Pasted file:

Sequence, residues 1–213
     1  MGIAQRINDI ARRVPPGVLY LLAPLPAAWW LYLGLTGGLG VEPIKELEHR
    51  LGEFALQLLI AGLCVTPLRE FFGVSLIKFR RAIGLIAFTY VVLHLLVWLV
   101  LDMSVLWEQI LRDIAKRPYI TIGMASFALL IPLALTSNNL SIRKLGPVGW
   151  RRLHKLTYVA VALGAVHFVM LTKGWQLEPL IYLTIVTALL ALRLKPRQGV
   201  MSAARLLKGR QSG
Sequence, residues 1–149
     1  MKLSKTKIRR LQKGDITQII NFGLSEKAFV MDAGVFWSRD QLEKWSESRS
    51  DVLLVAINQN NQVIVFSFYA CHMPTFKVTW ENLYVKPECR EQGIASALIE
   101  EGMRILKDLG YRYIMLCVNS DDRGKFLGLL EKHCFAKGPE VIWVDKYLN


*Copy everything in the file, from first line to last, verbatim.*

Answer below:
Sequence, residues 1–213
     1  MGIAQRINDI ARRVPPGVLY LLAPLPAAWW LYLGLTGGLG VEPIKELEHR
    51  LGEFALQLLI AGLCVTPLRE FFGVSLIKFR RAIGLIAFTY VVLHLLVWLV
   101  LDMSVLWEQI LRDIAKRPYI TIGMASFALL IPLALTSNNL SIRKLGPVGW
   151  RRLHKLTYVA VALGAVHFVM LTKGWQLEPL IYLTIVTALL ALRLKPRQGV
   201  MSAARLLKGR QSG
Sequence, residues 1–149
     1  MKLSKTKIRR LQKGDITQII NFGLSEKAFV MDAGVFWSRD QLEKWSESRS
    51  DVLLVAINQN NQVIVFSFYA CHMPTFKVTW ENLYVKPECR EQGIASALIE
   101  EGMRILKDLG YRYIMLCVNS DDRGKFLGLL EKHCFAKGPE VIWVDKYLN